• Volcker Rule Plan Released by Regulators. U.S. regulators requested public comment on Dodd-Frank Act restrictions that would ban banks from making short-term trades for their own accounts and prevent them from owning or sponsoring hedge funds and private-equity funds. The language of the rule is little changed from drafts that have been leaking in recent weeks. It would ban banks from taking positions held for 60 days or less, exempt certain market-making activities, change the way traders involved in market-making are compensated and make senior bank executives responsible for compliance. The board of the FDIC voted 3-0 today to seek comments on the proposal through January 13. The Federal Reserve also said it would accept feedback by that date.
  • Chanos Says He's Shorting Vale, Other Companies With China Ties. Jim Chanos, founder of New York- based hedge fund Kynikos Associates, said he’s betting against Vale SA and other commodity-related companies with ties to China. Vale, the world’s biggest iron ore producer and a major China exporter, is building “a fleet that is larger than the U.S. Navy,” Chanos said today at the GAIM/GMA conference in New York. Rio de Janeiro-based Vale shipped about 41 percent of its total iron ore and pellet sales to China in the first quarter. “Vale is one of the more aggressive miners that has capital expenditure closely tied to China,” Chanos said in an interview. Chanos said he’s also betting against cement producers, without naming them, and reiterated that he’s shorting Chinese banks and property developers.
Wall Street Journal:
  • Slovakia Dithers on European Bailout Vote. Slovakia's lawmakers were scrambling to vote on a crucial expansion of the euro zone's bailout fund, but their slow progress Tuesday renewed concerns about prospects for the region, while the European Central Bank's president warned the crisis has "reached a systemic dimension." Slovakia, the poorest country in the bloc, is the last of the 17 euro-zone countries to vote on the €440 billion ($600.34 billion) European Financial Stability Facility, which was agreed upon by euro-zone members in July to address the euro zone's debt crisis.
  • U.S., U.K. Regulators to Weigh High-Frequency Registration. Top market regulators of the U.S. and the U.K. this week will discuss the idea of formally registering high-speed electronic trading firms, the chairman of the U.S. Commodity Futures Trading Commission said Tuesday. Such a move could give regulators a better idea of the identities of the often small firms that use computer-driven strategies to power a big chunk of each day's trade in stocks, futures and options markets.
  • Christie to Endorse Romney for President.
  • Wall Street Job Losses Are Seen Hitting 10,000.
Business Insider:
Zero Hedge:
  • EBA Demands European Banks to Achieve 7% of Core Tier 1 Ratio in Internal Stress Tests. EU Banking regulator demands banks to achieve a core tier one ration of 7 pct in internal stress tests, - Reuters quotes a regulatory source as saying. But it is not clear whether capital qualifying for the core tier one will be defined as per Basel III or Basle 2.5. Source added that banks failing meet this will be asked to bolster their capital. Source expects a significant number of banks to fail in the current internal stress tests.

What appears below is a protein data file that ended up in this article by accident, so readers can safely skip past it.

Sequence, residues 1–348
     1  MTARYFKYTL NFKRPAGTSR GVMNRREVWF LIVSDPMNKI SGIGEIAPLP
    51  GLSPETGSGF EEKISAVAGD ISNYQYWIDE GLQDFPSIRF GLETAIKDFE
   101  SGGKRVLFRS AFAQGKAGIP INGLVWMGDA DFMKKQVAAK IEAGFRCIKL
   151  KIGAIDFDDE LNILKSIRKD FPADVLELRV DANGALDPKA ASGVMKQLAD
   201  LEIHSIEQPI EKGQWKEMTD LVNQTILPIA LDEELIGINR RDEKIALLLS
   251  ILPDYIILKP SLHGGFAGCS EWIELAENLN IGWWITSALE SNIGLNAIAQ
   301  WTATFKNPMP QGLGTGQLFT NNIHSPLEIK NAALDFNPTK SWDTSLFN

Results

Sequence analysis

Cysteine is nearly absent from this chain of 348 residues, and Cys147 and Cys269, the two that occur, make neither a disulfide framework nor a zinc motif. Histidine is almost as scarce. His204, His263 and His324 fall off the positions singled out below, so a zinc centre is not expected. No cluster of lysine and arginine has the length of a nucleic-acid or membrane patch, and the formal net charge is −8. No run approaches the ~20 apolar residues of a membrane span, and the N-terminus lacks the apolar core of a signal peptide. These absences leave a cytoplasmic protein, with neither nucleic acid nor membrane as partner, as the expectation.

• Obama Jobs Bill May Not Get 51 in Senate. President Barack Obama’s jobs plan is at risk of getting less than 51 votes Tuesday evening in the Senate as a handful of politically vulnerable moderate Democrats hold out on the president’s signature economic proposal. Adding to the uncertainty, Sen. Jeanne Shaheen (D-N.H.) who supports the proposal, may be a no-show due to a scheduling conflict, potentially leaving Democrats short of the symbolic simple majority on the jobs bill.
  • S&P Cuts 10 Spanish Banks, Including Santander, BBVA. Standard & Poor's on Tuesday downgraded the credit ratings of 10 Spanish banks, saying that dimming economic prospects for the country will continue to hurt the banking sector in the next 15-18 months. Among the banks downgraded were Santander and BBVA, the country's largest banks. S&P also revised the rating outlooks of four banks to negative from stable, and placed one bank on CreditWatch negative. The banks downgraded were:
Financial Times:
La Figaro:
  • Estonia wants the EFSF to be ratified as soon as possible and doesn't believe that the amount in the facility should be increased, citing the country's prime minister Andrus Ansip.
European Systemic Risk Board:
  • Introductory Statement by Jean-Claude Trichet. Let me start by describing the current situation and the actions that, in our view, need to be taken. The crisis has reached a systemic dimension. In a press release published after the ESRB General Board meeting of 21 September, we stated the following: “ Over the last months, sovereign stress has moved from smaller economies to some of the larger EU countries. Signs of stress are evident in many European government bond markets, while the high volatility in equity markets indicates that tensions have spread across capital markets around the world. The situation has been aggravated by the progressive drying-up of bank term funding markets. The high interconnectedness in the EU financial system has led to a rapidly rising risk of significant contagion. This threatens financial stability in the EU as a whole and adversely impacts the real economy in Europe and beyond.